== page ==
Skiing in Italy

Skiing in Italy has much to recommend it including magnificent mountain scenery, well- groomed and un-crowded ski areas, superb skiing on- and off-piste, good food, excellent mountain restaurants and reasonable prices.

Italy Home

Italy is an ideal skiing choice for a family skiing holiday, with excellent ski schools and a genuine delight in the welcome of small children. The atmosphere in Italian ski resorts is cosmopolitan but the overall influence is definitely Italian; fun and relaxed with more traditional mountain villages than purpose built resorts. Italy's picturesque Alpine villages offer some of the world's best mountain cuisine and, though nightlife may be limited in some resorts, the old cobbled streets come alive in the evenings with buzzing bars, excellent restaurants and good value pizzerias.

If there's a unifying theme, it's the laid back flavour of skiing in Italy. Not just the Italian skiers themselves, but visitors from abroad tend to be relaxed - if not at the start, then certainly by the end of their holiday. But despite the vibe, and the quality of the coffee, pasta and pizza, many of the resorts are closer - physically, historically and in the makeup of the local population - to their bordering alpine countries than they are to Rome or Naples. The architecture, the language and some items on the menu frequently make you think you're well north of the border, though it's always overlaid with that unique sense of Italy, and frequently bathed in sunshine.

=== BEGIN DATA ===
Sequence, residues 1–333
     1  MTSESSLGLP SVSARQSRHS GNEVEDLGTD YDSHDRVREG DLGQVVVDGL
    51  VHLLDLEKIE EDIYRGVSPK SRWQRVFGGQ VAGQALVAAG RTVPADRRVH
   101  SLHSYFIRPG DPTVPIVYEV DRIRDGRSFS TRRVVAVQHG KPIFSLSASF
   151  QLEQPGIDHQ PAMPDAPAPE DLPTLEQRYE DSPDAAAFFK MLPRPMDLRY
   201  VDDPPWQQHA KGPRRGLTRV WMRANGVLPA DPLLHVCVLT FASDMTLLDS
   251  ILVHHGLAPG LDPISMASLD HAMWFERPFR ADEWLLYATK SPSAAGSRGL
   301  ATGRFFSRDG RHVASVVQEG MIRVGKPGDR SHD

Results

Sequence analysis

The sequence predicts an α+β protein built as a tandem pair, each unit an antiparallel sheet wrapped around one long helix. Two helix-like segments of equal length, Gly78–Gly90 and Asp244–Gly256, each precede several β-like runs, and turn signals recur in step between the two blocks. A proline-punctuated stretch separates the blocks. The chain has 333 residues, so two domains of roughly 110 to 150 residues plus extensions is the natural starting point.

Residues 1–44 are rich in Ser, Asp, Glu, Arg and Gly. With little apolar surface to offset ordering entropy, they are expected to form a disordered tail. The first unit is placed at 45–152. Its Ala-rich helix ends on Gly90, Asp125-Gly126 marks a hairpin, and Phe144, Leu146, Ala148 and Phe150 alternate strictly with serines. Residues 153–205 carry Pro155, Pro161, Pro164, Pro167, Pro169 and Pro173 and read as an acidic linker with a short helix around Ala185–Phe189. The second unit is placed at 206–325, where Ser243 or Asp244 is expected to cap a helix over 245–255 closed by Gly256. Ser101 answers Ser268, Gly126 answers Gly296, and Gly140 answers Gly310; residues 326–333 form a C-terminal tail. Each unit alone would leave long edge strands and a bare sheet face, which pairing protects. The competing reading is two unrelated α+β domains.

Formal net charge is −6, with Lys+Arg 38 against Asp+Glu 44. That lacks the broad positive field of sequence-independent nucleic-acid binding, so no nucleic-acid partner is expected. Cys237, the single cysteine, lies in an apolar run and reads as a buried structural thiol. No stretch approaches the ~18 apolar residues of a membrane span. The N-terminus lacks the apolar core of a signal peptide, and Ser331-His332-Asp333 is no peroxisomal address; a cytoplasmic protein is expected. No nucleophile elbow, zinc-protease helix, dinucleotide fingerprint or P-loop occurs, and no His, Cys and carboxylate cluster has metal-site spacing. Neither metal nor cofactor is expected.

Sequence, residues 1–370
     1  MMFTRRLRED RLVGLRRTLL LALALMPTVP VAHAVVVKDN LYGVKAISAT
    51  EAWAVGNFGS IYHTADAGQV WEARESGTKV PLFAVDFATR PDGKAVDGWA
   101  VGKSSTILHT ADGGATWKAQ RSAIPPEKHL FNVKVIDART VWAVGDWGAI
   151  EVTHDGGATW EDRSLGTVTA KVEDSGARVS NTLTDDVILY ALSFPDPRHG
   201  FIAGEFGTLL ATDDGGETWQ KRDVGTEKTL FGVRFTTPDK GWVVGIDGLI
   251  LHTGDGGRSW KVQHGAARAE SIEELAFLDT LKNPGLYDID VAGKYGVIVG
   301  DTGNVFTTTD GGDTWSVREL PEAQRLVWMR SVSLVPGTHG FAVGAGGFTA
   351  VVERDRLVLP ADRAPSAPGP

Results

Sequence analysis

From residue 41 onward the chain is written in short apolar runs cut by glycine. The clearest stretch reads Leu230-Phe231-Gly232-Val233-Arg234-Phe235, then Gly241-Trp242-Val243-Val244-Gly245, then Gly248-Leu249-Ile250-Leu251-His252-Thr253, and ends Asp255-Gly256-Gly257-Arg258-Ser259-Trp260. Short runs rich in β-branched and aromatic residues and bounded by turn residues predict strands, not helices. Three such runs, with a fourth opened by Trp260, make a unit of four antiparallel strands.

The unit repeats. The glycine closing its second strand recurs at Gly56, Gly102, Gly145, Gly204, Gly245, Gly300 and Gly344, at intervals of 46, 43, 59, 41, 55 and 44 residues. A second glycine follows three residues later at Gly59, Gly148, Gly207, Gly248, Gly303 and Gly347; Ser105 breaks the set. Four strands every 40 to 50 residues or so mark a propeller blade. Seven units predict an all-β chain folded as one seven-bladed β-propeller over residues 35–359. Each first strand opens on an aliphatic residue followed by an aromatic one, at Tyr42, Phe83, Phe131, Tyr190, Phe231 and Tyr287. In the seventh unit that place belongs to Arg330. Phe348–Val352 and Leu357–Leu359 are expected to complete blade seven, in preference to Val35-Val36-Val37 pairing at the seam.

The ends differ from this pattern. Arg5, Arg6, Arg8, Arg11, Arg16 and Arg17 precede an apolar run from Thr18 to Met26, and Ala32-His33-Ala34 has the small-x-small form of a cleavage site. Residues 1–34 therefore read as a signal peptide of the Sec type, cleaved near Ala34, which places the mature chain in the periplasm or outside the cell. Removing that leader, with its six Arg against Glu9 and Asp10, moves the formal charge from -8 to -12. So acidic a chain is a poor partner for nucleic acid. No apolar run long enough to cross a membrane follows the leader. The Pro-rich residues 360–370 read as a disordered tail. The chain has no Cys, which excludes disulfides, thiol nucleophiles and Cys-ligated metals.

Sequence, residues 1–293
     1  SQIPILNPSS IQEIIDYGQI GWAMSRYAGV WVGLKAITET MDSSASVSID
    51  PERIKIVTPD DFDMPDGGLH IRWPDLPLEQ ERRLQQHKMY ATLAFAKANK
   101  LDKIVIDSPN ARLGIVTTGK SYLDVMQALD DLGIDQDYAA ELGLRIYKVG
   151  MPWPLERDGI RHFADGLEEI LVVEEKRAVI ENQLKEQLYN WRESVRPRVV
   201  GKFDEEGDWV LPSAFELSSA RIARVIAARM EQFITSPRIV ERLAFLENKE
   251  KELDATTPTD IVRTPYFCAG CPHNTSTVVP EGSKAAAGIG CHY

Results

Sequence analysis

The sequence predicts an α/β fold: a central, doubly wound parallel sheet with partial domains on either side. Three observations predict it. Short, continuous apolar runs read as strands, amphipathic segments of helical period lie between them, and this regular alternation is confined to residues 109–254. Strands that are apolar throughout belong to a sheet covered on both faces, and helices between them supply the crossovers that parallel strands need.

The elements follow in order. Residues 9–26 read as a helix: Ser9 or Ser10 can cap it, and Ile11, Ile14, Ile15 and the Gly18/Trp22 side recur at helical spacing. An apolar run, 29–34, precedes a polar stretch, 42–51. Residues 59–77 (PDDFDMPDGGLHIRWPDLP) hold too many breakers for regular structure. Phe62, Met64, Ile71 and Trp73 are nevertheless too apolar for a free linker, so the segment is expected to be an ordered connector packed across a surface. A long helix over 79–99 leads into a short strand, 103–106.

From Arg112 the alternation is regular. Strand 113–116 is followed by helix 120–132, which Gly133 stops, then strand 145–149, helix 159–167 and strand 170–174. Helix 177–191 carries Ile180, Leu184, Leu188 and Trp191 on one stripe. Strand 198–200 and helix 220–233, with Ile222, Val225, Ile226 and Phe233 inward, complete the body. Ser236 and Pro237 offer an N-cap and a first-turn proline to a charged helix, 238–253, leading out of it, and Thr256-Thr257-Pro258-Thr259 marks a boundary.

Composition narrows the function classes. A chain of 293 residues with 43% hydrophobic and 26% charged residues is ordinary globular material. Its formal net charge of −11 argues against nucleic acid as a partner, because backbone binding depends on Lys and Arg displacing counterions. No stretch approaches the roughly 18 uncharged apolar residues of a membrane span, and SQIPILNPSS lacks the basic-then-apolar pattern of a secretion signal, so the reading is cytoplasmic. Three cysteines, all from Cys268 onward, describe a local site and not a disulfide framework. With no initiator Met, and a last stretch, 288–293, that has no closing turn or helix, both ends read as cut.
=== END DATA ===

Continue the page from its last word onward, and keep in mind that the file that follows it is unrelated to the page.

That last factor, sunshine, can be an issue: the Italian Alps depend on southerly weather systems to bring them snow, and it doesn't always fall. But thin seasons usually coincide with low temperatures, allowing resorts to provide great skiing on man-made snow of impressive quality; the Italians are right up there with the Austrians for the amount of artifical snow coverage they have. Almost regardless of the weather, Italy is very good news for keen skiers: you'll be up and skiing empty slopes while the Italians are enjoying a long breakfast, a longer lunch and possibly concentrating more on up-coming nightlife than the afternoon's skiing.